Some squads have put their faith in experience, while others in those who show promise. It's a long road and personnel choices could play significant a role. Goal.com looks at the average age of each of the 51 teams competing in qualification and analyses the findings.
NOTE: Ages are calculated based on the squad information available and listed from youngest to oldest.
|Bosnia and Herzegovina||25.4|
|Republic of Ireland||26.2|
THE CONTENDERS: If a player's prime is typically considered between 26 and 28, then as expected that is more or less where most of the top teams currently fall, though France and Germany have taken a more youthful approach.
France (23.9): It appears that new coach Laurent Blanc has opted for a youthful overhaul following their World Cup 2010 debacle. Les Bleus are one of the youngest sides in Europe at the moment.
Germany (24.7): The Germans showed plenty of youthful exuberance in South Africa and appear to be sticking with their plans. Philip Lahm, Sami Khedira, Manuel Neuer, Thomas Mueller, and Bastian Schweinsteiger represent a generation that will be very confident come the finals.
Italy (25.9): Many criticised Marcello Lippi's Italians for being an ageing squad, but the Azzurri are in the middle of the pack here. Young or old is allegedly secondary to coach Cesare Prandelli, who says he will call those who merit selection - whether they be youngsters like Mario Balotelli or veterans like Andrea Pirlo.
England (26.0): The Three Lions would appear to have a good mixture of experience and youth should they keep their majority of their current players, but would likely be just starting on the downslide. Wayne Rooney himself would be at the height of his career as a 26-year-old, assuming he hasn't peaked early.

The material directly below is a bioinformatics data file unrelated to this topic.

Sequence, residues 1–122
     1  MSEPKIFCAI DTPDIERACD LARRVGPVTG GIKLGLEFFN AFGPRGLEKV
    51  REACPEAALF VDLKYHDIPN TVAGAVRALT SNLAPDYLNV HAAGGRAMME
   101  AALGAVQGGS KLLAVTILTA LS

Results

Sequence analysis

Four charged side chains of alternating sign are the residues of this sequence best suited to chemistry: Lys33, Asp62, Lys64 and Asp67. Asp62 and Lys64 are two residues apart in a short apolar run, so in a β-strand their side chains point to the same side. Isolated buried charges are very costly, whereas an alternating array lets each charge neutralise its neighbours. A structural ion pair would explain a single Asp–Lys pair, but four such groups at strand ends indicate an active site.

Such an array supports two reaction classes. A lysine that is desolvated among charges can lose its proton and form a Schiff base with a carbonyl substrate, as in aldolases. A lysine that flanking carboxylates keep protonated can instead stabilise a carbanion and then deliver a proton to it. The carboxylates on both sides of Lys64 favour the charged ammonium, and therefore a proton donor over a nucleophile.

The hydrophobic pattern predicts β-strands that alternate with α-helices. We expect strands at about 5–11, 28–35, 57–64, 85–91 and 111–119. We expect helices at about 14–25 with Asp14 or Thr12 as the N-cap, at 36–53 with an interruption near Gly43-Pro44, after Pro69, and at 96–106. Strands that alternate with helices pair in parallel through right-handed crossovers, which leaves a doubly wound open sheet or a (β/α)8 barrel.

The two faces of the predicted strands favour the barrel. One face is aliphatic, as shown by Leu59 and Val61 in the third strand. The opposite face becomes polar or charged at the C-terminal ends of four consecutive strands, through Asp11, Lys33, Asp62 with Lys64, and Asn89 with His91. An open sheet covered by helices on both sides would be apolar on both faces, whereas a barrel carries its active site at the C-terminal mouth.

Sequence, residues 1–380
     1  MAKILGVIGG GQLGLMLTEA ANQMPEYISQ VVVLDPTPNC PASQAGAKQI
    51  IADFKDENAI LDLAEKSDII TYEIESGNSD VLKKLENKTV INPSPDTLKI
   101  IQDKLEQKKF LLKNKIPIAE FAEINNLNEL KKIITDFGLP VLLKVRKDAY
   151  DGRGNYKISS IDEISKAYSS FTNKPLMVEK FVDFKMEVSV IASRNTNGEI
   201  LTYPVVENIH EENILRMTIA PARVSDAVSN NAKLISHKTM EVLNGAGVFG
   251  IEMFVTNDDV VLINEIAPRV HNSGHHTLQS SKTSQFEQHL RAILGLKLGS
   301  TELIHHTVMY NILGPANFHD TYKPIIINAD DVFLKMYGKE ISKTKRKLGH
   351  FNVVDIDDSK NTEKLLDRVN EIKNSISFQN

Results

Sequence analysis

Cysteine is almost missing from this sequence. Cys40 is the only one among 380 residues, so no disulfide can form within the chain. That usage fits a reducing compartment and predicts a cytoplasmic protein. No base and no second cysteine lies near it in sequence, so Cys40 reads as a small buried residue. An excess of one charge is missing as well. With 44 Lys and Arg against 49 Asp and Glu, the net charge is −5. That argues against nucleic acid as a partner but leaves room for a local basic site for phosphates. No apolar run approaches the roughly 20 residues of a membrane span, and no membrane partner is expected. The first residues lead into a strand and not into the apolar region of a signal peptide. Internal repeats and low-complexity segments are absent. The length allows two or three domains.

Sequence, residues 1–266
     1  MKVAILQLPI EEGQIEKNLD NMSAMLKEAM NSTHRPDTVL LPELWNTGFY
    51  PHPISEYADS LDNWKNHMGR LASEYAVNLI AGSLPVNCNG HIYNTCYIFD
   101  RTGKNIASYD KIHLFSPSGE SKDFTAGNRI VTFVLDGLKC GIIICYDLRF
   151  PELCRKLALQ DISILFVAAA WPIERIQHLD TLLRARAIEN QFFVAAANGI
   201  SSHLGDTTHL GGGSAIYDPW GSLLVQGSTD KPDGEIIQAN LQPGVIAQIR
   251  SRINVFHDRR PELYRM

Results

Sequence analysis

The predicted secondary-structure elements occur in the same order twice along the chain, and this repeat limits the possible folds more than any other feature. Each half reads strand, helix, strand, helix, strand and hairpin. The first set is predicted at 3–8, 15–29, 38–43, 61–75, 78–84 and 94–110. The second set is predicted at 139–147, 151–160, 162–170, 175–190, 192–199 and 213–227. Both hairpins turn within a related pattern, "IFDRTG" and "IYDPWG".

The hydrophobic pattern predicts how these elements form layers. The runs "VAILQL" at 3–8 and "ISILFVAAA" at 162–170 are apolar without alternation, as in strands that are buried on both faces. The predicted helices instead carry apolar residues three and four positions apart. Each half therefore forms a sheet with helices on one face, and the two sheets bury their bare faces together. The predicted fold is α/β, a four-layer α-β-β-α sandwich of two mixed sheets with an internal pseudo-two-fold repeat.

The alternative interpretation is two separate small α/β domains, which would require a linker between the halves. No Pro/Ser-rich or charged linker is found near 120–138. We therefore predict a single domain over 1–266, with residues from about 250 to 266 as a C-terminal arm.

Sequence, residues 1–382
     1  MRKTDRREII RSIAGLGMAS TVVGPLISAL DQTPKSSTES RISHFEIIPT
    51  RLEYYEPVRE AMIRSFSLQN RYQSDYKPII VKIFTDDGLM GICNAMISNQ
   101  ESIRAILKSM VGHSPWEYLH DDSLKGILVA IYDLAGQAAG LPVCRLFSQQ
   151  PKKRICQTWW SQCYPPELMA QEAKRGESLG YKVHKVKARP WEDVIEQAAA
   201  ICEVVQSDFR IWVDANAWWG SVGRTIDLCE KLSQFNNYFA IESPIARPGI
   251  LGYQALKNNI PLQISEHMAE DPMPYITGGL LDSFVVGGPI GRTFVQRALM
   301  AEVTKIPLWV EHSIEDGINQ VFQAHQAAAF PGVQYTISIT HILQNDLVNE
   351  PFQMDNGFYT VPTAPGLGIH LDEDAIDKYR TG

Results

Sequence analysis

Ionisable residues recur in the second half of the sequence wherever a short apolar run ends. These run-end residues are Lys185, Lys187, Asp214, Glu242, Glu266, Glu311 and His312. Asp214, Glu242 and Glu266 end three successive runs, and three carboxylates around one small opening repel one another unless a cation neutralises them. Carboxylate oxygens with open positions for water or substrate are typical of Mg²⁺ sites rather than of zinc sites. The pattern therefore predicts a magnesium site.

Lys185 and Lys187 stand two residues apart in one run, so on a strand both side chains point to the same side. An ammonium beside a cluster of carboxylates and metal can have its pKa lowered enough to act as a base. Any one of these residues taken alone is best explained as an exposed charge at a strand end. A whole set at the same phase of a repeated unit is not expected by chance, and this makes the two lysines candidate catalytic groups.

Portugal (26.0): In a similar situation to England, the Seleccion have a mixed bag - but there are signs that the next generation has already started to poke through.
Netherlands (26.2): Perhaps a surprise here, that the Oranje are slightly on the older side of the scale. Are they at the peak of their powers now? Wesley Sneijder, Dirk Kuyt, Robin Van Persie, Arjen Robben - with their most high-profile names that would certainly seem to be the case.
Spain (26.2): Lastly, the overall favourites and defending champions would appear to be the most experienced of those expected to challenge for the trophy. La Furia Roja boast a top generation in Andres Iniesta, David Villa, and Xavi - but can they keep it up into 2012? Few would bet against them.
THE HOPEFULS: There is a wide range of sides who are hoping to qualify and make a definite impact. Russia (27.3) are seemingly an ageing side - but will hope to still play exciting football as they did four years ago. Bosnia & Herzegovina (25.4) boast a supremely talented team that is maturing into it's best years. Turkey (26.0), with Guus Hiddink at the helm, are also a team to watch out for.
THE YOUNGEST: Luxembourg (22.7) register as the youngest team, perhaps trying to breed potential stars with early international experience. Belgium (23.7) are clearly a side boasting potential - with highly-touted stars like Eden Hazard, Steven Defour, and Romelu Lukaku. We already touched on the previously mentioned France and Germany.
THE OLDEST: Interestingly, the five oldest teams in qualifying can all be considered minnows in European football - Latvia (27.7), San Marino (27.8), Lithuania (27.8), Finland (28.2), and Cyprus (28.6). These teams are hoping their more experienced and veteran players can help them cause an upset along the way.